Manufacturing depression and how SSRIs (don't) work

Greenberg: "Manufacturing Depression"

So I'm reading Gary Greenberg's book “Manufacturing depression”. It's not an ironclad scientific demonstration of the ineffectiveness of much of the modern psychiatric medicine such as you may find in the work of (say) Joanna Moncrieff, but it is an entertaining and critical journalistic narrative of the pharmacological history of depression.

At one point he's comparing depression and SSRIs with diabetes and insulin, mocking the psychiatrists who, unlike real doctors prescribing insulin to diabetics

don't have to convince their diabetic patients that they have a “real illness”. A diabetes doctor doesn't have to worry about the clinical appropriateness of treatment. He doesn't have to wait for a new definition of diabetes to be hashed out in committees of his brethren and then learn the new diagnostic criteria. (...) All he has to do is to take a urine or blood sample. He doesn't have to talk about chemical imbalances that he knows aren't the problem or contend with package inserts that say, in plain black and white, that the drug makers have no idea why their drug works.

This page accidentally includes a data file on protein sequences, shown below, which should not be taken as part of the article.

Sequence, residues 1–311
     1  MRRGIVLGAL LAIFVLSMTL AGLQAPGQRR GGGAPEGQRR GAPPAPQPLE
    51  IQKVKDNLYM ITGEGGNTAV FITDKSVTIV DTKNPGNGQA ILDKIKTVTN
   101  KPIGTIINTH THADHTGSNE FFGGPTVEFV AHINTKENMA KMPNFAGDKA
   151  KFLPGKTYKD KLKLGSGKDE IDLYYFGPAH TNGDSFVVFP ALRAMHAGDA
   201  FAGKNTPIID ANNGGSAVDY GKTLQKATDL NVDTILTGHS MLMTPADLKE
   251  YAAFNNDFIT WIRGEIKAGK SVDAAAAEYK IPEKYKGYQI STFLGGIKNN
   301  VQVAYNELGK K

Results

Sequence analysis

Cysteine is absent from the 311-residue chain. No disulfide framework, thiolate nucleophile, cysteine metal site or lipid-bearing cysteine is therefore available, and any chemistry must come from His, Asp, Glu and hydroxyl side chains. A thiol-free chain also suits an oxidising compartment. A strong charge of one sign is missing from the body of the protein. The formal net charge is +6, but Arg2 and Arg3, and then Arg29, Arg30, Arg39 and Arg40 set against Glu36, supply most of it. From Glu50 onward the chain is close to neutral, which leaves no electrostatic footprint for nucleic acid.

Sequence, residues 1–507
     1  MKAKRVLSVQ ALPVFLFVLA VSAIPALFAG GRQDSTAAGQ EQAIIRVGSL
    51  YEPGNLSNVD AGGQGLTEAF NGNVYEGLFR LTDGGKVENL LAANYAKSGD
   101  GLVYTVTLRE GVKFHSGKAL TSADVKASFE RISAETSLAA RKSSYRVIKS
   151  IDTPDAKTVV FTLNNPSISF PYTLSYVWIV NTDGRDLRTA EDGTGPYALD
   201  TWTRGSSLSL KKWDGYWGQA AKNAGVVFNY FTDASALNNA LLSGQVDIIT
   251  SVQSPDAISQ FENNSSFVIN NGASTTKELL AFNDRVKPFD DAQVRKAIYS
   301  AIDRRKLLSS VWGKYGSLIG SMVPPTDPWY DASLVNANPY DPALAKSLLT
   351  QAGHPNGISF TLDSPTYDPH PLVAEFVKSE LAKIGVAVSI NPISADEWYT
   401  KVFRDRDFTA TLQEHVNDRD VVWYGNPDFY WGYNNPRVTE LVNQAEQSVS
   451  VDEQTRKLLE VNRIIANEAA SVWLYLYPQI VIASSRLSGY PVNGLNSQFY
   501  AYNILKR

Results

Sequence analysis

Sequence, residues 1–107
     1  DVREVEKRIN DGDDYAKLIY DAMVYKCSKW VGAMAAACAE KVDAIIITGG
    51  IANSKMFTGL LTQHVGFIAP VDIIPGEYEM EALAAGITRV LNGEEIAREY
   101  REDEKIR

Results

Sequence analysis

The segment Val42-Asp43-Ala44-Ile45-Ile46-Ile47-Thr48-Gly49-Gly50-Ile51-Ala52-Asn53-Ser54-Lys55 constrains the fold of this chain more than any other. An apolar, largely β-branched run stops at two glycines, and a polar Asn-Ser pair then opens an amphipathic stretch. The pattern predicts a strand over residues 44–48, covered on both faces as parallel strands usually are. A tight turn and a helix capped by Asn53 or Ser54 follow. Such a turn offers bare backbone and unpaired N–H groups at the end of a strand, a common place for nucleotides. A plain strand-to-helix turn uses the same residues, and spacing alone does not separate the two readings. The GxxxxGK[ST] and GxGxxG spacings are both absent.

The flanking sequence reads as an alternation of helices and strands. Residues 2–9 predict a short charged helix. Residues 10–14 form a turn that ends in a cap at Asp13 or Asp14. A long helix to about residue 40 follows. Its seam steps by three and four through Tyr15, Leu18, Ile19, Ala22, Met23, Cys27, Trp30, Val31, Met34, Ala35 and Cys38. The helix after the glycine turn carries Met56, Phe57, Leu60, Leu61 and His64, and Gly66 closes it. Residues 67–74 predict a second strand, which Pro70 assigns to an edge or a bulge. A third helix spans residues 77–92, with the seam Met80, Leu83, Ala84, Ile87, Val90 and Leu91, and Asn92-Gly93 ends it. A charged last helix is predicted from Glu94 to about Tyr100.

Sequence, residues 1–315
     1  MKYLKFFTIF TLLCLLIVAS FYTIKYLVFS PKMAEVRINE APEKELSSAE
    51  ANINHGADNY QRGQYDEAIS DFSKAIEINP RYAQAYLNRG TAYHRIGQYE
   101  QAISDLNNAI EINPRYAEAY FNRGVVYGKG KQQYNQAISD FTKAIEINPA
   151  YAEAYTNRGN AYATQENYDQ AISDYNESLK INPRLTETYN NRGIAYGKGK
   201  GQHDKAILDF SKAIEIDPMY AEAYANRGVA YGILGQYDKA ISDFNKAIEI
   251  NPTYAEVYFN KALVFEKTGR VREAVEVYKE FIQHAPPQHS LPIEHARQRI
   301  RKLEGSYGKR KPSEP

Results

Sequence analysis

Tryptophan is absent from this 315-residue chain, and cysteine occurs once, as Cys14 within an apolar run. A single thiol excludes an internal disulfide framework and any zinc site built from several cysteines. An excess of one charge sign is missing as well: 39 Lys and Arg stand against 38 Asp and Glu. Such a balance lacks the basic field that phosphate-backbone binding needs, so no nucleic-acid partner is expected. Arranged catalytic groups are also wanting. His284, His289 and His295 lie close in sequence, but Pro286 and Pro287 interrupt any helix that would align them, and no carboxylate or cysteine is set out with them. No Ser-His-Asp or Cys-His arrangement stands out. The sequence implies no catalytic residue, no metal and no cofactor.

The prevailing narrative is still, if you ask doctors, that depression is caused by low levels of serotonin in the brain and that antidepressants work by increasing the levels of serotonin. It's hard to understand, though, how this narrative can still exist given that Irving Kirsch (lecturer in medicine at the Harvard Medical School and Beth Israel Deaconess Medical Center) thoroughly debunked the idea in 2009, 15 years ago.

What Kirsch demonstrated by a thorough analysis of a vast number of clinical trials of SSRIs was

I won't claim to know how to cure depression, except that I'd guess that it's not a disease whose root causes lie at the neurochemical level and hence it probably isn't curable with medication (even though such medication may be helpful in shorter periods). I'd really love for someone to come up with a real answer.

But why do we allow ourselves and the industry to carry on, 35 years after introducing these drugs, 15 years after Kirsch thoroughly debunked them, to continue treating this very serious disease with medicine

I'm afraid we're in need of some reforms here. Maybe, just maybe, the abolishment of medical patents and of any and a nationalisation of medical research, so that new drugs and treatments will be developed according to patients' needs – and not according to the drug companies' chances of commercial success.

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